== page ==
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THOUGHT LEADERS & INNOVATORS

Explore How Surgeons Use Allografts In New and Innovative Ways

The increased availability to allografts allows use for indications where tissue transplant has been less commonly used. These innovations help surgeons meet patients' needs and improve their quality of life in ways never done before.

PRODUCT:

Distal Tibia

Fresh Distal Tibial Allograft To The Glenoid

Ankle allograft tissue can be used for shoulder reconstructive procedures, such as the use of a fresh distal tibial allograft for reconstruction of glenoid bone defects. This has been done since 2008 with very promising clinical results demonstrating solid bone incorporation.

RELATED STUDY:
A Bio Perspective on Distal Tibia Osteochondral Allograft for Reconstruction of Glenoid Bone Defects
PRODUCT:

Talus

Fresh Talus for Humeral Head Reconstruction

Fresh talus allografts can be utilized for large Hill-Sachs or Reverse Hill-Sachs defects. The reasons for using talar allograft for the humerus are: 1) the talus fits well for both typical Hill-Sachs and Reverse Hill-Sachs lesions; 2) the ready availability of talus grafts; and 3) no need for size matching.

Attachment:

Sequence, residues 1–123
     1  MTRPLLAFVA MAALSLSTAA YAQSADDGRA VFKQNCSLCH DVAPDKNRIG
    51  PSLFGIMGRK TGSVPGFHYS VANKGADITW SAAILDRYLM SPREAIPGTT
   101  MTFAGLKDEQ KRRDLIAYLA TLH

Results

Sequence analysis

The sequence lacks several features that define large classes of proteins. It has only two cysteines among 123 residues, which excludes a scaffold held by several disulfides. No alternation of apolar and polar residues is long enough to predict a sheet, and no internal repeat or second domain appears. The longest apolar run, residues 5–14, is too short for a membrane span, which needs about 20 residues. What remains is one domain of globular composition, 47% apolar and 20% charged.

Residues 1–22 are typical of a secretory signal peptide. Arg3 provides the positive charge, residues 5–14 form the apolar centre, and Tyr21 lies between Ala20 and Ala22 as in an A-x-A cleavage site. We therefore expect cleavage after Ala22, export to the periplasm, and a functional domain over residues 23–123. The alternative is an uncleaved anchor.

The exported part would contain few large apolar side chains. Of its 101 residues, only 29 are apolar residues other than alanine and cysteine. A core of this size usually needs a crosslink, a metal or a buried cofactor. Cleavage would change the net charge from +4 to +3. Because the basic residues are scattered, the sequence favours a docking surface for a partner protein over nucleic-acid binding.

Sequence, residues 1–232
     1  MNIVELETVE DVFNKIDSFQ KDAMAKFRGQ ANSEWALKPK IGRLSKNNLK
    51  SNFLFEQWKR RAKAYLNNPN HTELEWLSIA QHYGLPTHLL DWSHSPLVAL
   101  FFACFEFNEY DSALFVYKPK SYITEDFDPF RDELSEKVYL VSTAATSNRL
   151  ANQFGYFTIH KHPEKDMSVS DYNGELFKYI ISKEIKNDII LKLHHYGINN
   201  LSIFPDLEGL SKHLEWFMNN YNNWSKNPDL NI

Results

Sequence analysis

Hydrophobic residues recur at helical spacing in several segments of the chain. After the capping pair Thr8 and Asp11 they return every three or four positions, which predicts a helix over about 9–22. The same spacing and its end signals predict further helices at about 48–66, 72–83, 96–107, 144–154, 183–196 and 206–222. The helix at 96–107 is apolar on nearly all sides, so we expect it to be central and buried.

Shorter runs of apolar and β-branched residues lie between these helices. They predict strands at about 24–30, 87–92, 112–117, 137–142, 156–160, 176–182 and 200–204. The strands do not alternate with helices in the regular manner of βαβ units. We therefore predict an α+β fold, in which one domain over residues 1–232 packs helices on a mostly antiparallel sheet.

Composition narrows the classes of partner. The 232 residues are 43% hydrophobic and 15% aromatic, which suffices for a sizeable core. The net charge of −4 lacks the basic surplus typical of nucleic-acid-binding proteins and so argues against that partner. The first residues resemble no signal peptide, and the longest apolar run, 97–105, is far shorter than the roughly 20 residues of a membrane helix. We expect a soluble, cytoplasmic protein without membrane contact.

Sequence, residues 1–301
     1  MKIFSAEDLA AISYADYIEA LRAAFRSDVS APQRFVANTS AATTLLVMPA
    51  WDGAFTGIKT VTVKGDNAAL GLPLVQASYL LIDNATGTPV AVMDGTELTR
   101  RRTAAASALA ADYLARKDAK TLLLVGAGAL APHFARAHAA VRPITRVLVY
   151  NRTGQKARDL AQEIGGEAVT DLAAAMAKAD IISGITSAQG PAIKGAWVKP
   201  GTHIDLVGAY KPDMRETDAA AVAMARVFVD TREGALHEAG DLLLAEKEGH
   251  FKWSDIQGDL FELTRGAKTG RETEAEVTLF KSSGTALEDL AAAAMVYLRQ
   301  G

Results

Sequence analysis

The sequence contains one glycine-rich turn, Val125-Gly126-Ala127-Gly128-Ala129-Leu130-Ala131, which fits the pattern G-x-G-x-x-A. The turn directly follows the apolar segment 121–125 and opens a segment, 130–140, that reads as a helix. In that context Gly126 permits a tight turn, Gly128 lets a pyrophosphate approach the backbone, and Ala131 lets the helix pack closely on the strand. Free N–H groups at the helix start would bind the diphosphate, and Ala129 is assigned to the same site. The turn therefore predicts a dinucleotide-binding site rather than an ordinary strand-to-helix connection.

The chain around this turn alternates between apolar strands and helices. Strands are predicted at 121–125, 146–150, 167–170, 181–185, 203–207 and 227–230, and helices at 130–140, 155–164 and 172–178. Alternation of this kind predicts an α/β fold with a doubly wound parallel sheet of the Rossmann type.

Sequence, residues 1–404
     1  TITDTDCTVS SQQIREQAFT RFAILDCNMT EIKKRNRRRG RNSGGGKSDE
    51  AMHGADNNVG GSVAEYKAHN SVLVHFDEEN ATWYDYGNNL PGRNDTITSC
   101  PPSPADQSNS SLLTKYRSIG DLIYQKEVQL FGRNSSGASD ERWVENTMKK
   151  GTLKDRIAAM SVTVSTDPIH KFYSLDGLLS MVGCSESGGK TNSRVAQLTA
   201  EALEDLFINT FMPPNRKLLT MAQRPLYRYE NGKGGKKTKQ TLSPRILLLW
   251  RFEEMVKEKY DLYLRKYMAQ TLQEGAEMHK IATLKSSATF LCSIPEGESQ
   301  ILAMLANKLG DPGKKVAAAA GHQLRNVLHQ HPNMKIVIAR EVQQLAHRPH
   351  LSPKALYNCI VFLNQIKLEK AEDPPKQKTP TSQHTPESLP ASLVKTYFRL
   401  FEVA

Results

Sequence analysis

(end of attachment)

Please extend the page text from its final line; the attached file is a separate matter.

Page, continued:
RELATED STUDY:
Anatomic Humeral Head Reconstruction With Fresh Osteochondral Talus Allograft for Recurrent Glenohumeral Instability With Reverse Hill-Sachs Lesion
PRODUCT:

Patella, Trochlea

Chondral Loss In The Patellofemoral Joint

Two unique options: 1) patients with dysplasia can undergo large OCA transplants with matched patella and trochlea grafts; 2) isolated focal defects can be successfully reconstructed. In dysplasia cases, the entire patella is resurfaced by cutting off the damaged articular portion from the patient and obtaining a fresh patellar graft. The trochlea is typically transplanted with a 35 mm osteochondral allograft from the donor screened to have a deep groove to address the trochlear dysplasia.

RELATED STUDY:
Bipolar Osteochondral Allograft Transplantation of the Patella and Trochlea

Uncover valuable information from the latest scientific papers specifically focused on allografts.

RESEARCH AND ARTICLES